We must think about how we create just and dignified transitions, thinking about how we support, re-skill, and provide short-term welfare for those who might lose out from such transitions. Poorer countries will need more help from the developed nations who caused the problem. People are only going to want to do something about climate change if it makes their lives better, not worse!


Anyway, listen for yourself and let me know what you think!

The disruptive environmentalist

This week I did a podcast for a great new blog by Rob Wreglesworth, the so-called ‘disruptive environmentalist’. I also met another disruptive environmental champion for breakfast this week, and for regular readers of this blog, or anyone who knows me, I certainly fall into the category of disruptive too. For those who like my opinionated blogs and tweets, I’m afraid that I’m going to have to calm down in the next few months as I am working closely with Defra (a hard task for me!).

As I was doing the podcast, I was trying to think what is meant by ‘disruptive’. At breakfast with the unnamed environmental champion, we discussed that disruptors were better than agitators. Agitators try to antagonise for no good reason, but disruptors try to blow a hole in an argument or a way of doing things, but have the capacity to enable it to be rebuilt. Disruptors challenge, but are always willing to provide solutions. This is vitally important – I see far too many academics/environmentalists criticise without providing any evidence-based solutions.

What might environmentalists want to disrupt? Well, the obvious starting place might be existing ways that society interacts with nature, which is leading to biodiversity loss. We might try to identify problems here and propose solutions to overcome them. But what about trying to disrupt narratives put forward by environmentalists? Is that a good target for disruption, or hadn’t we ought to be challenging these if we are also fellow environmentalists?

Well one of my lines from the upcoming podcast might tell you what I think. In a discussion about whether environmentalists are finger-pointing too much and talking ‘down’ to people who don’t share their values, I exclaimed – ‘absolutely, environmentalists are very good at sitting in their hipster cafes eating smashed avocado on dry toast and pretending that they’re holier than thou’. Sure, they are eating a vegan breakfast, but they’ve only done the two international academic conferences this year, and a backpacking adventure round Thailand. Before you send the Twitter mob, read this paper . Environmentalists rarely ‘walk the walk’ in terms of reducing their carbon footprint, so let’s stop the finger-pointing towards other people. In a democratic society, it’s perfectly acceptable for someone not to put the environment at the top of their agenda – but we are getting terribly good at saying the electorate are stupid for making decisions that the so-called ‘intellectual’ community don’t agree with.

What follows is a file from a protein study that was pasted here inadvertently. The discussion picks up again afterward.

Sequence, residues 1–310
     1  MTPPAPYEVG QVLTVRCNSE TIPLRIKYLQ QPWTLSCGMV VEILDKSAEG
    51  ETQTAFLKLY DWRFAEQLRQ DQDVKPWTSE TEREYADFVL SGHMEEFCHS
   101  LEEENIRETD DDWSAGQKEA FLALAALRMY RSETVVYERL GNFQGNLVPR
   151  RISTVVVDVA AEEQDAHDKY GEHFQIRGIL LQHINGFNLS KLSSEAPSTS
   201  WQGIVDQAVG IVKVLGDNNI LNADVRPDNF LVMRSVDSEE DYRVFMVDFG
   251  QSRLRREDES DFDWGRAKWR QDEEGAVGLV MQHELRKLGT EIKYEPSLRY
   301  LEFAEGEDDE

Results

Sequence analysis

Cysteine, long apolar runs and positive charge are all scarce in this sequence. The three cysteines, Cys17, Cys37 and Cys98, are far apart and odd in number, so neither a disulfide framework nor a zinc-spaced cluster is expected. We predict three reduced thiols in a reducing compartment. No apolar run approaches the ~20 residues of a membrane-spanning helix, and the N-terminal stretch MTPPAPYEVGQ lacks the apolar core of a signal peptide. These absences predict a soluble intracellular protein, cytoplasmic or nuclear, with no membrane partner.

There has always been a certain element of surrounding ourselves by the people and views that we relate to – e.g. choosing which newspaper we read and who we socialise with. It’s the same now with social media, we choose who to follow and whose views we want popping up on our feed. But there can be little doubt that polarisation is getting worse. We are getting very bad at having intelligent debates about the environment, and very bad at disagreeing well. We are getting to the point where we finger-point immediately – shooters, bad people, intensive farmers, bad people etc. etc. – this is hardly a good idea when we need everyone to be stewards of the environment.

I’m excited for the podcast to come out. The point I wish to stress is that while we can certainly aim to disrupt the processes that are leading to environmental degradation, we can also be reflexive enough to criticise our own behaviour. Some of this behaviour, particularly the finger-pointing and the tendency to dismiss other people’s values, is not helpful to the conservation cause. Sometimes, therefore, it is our own behaviour that needs to be disrupted.

Being a lecturer: 1 year on

I’ve now been a lecturer for over a year, although I did some teaching before this. According to the dominant narrative put forward by many lecturers, I ought to have had a terrible year. I’d have been marking exams, doing admin, preparing lectures, doing research for at least 10 hours a day, my personal life would be in meltdown, and my love for teaching would have thoroughly diminished. Newsflash everyone – it’s been great thanks and I’ve enjoyed it so much!

Sure there have been a few long hours, but not half as long as the hours my wife puts in, and it certainly can’t be considered hard work as compared to millions of other people in other professions around the world. As my father-in-law would say to teachers/lecturers, try running your own business before complaining that you have the world’s hardest job. Or try going down a coal mine as my late grandfather did, or try being a solider, or working in a warehouse for hours with little pay, or a surgeon, or a police officer, or a hill farmer in Snowdonia in the middle of winter (and many of those farmers were the friendliest and most positive people I’ve met) etc. Not that the advice will be taken on board – gosh we do love to moan – I will never forget the world’s worst train journey last month after being seated next to two academics who moaned ALL the way home. I nearly had to intervene – ‘if you hate it that much guys, go and do something else’. This blog is unashamedly optimistic to try to bring a little bit of balance to the world…